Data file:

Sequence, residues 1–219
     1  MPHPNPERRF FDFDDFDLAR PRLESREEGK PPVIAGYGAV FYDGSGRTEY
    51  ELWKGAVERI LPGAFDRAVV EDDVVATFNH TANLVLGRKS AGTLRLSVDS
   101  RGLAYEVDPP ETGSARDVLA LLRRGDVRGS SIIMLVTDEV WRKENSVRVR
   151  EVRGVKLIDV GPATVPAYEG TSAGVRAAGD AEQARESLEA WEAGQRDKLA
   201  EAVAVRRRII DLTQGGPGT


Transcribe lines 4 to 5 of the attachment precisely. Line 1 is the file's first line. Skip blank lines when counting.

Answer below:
   101  RGLAYEVDPP ETGSARDVLA LLRRGDVRGS SIIMLVTDEV WRKENSVRVR
   151  EVRGVKLIDV GPATVPAYEG TSAGVRAAGD AEQARESLEA WEAGQRDKLA